It's a common scenario: The first 10 or 20 pounds come off easily, but then the scale won't budge. Plateaus can happen in as little as 3 weeks, find Drexel University researchers. As you drop weight, your body doesn't have to work as hard simply because there's less of you to move around, says Michele Kettles, MD, medical director of the Cooper Clinic in Dallas. That means your workouts produce a smaller calorie burn. For example, if you weigh 180 pounds and lose 35, you'll melt about 100 fewer calories in an hour-long cardio class--which can slow down further weight loss. And as you get older, injuries or arthritis can make it difficult to do vigorous, high-impact activities that help compensate for this calorie deficit.

Simple Strategies:

Get your heart rate up

Watching TV or reading while you exercise can lower your workout intensity--and your calorie burn. Instead, pay attention to your pulse, suggests Kettles. For best results, stay between 60 and 80% of your maximum heart rate. To estimate your MHR, subtract your age from 220. Then multiply your MHR by 0.6 for the lower end of your target heart rate zone and by 0.8 for the upper end. For example, if you're 40, aim for 108 to 144 beats per minute. (For easier tracking, invest in a heart rate monitor.)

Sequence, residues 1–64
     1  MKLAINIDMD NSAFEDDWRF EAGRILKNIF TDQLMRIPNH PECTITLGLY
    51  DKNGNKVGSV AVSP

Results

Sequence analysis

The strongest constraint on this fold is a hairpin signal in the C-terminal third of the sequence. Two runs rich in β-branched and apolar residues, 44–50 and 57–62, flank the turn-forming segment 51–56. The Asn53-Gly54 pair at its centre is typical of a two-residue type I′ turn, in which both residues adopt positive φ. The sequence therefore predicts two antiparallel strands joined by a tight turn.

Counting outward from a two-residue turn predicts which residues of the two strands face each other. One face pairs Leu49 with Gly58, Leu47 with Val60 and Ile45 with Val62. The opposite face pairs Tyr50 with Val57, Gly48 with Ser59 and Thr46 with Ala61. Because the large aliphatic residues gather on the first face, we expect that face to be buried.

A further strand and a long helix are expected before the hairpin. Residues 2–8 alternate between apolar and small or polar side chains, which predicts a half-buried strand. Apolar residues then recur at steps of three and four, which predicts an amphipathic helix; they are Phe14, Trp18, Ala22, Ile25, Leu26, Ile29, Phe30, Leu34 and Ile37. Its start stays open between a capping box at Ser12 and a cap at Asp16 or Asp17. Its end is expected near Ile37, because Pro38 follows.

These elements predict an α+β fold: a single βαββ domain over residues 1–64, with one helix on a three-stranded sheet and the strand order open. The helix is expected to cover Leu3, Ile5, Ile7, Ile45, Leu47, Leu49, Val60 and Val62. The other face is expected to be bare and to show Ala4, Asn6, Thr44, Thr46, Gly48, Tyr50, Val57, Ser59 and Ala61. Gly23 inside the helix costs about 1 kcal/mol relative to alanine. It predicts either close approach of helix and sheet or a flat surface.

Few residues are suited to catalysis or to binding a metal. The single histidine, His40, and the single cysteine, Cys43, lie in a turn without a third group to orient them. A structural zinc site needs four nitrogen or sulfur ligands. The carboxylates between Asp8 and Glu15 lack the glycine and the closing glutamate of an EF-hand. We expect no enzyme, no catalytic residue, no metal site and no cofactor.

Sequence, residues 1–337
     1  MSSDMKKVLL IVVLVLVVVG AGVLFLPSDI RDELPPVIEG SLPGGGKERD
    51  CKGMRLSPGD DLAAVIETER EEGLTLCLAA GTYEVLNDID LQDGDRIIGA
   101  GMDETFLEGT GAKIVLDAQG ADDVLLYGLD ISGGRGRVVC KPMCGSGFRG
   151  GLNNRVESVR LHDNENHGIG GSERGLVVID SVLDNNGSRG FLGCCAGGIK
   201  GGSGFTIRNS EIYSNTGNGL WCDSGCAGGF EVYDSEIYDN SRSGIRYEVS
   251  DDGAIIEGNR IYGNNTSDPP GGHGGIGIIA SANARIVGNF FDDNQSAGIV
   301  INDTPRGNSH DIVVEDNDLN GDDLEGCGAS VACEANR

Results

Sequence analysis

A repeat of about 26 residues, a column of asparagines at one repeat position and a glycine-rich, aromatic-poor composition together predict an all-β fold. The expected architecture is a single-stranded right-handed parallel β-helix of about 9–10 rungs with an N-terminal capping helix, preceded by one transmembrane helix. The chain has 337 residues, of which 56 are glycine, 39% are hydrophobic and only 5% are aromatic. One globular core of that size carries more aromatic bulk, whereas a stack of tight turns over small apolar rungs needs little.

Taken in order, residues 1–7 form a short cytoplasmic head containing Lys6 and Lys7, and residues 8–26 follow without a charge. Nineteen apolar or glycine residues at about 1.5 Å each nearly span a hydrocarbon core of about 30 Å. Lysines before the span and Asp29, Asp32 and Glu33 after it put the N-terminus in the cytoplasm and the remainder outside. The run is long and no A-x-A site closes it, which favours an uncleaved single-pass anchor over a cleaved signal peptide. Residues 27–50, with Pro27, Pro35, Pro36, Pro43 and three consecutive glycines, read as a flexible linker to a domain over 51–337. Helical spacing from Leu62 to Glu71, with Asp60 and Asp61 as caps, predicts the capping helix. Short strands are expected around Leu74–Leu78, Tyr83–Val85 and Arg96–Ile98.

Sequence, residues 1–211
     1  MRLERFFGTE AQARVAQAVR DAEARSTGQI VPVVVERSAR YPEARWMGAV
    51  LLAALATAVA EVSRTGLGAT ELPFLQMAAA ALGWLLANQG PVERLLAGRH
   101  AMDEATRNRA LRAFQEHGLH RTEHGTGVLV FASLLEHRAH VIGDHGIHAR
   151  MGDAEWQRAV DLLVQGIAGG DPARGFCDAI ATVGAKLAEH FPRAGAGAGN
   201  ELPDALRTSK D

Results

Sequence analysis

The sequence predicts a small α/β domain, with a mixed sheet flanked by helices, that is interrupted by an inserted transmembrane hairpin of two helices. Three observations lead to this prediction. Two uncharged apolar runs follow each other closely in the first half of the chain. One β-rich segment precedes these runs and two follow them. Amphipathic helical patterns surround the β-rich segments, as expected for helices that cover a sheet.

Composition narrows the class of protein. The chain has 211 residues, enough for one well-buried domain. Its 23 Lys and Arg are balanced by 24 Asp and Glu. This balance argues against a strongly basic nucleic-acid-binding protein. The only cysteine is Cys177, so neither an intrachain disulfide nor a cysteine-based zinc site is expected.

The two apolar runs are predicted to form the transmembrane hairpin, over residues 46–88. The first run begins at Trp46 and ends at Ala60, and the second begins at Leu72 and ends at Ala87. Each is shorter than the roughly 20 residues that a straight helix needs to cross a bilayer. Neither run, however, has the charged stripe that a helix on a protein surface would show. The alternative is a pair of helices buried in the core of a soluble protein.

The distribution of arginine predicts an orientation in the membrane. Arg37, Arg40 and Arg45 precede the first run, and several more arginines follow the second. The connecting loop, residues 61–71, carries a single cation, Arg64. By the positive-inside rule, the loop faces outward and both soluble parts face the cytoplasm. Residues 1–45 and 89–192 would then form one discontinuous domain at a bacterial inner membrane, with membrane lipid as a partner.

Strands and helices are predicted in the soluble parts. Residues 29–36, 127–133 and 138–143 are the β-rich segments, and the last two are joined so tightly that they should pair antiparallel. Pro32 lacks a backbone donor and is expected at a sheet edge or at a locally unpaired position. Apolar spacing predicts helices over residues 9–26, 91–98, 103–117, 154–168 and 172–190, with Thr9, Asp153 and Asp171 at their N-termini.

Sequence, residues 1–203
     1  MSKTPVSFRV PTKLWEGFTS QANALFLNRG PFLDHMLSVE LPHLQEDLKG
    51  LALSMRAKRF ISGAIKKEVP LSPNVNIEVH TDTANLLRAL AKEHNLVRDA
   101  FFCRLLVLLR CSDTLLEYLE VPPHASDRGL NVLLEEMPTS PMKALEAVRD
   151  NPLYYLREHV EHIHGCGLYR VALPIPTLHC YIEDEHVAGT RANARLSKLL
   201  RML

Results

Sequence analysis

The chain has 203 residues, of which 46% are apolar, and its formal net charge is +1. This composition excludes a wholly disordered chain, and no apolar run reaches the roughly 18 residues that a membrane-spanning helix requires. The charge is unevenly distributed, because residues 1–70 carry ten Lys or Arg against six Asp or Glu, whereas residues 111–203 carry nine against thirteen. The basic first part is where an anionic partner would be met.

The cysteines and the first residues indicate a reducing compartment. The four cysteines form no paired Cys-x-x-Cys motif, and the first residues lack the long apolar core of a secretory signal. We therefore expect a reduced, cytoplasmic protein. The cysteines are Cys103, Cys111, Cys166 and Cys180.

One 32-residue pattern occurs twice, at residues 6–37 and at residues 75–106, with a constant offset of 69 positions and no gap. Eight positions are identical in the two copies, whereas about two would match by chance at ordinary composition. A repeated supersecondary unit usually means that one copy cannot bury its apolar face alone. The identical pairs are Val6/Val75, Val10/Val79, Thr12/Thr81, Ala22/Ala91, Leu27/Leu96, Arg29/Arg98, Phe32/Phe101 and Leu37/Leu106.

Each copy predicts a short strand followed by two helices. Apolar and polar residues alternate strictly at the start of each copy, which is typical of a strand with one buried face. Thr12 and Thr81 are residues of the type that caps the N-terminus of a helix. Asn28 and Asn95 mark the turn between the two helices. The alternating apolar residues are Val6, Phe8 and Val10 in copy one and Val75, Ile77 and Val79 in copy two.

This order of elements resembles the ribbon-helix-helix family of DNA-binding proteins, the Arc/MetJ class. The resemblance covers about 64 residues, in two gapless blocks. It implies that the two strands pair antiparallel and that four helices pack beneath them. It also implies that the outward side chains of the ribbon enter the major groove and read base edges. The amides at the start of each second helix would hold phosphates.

The more comfortable you become with a routine, exercise class, or fitness DVD, the less effective it gets. To continue to lose weight, you need to challenge your body in new ways. "Even replacing one exercise can create enough of a surprise to keep results coming," says Kettles.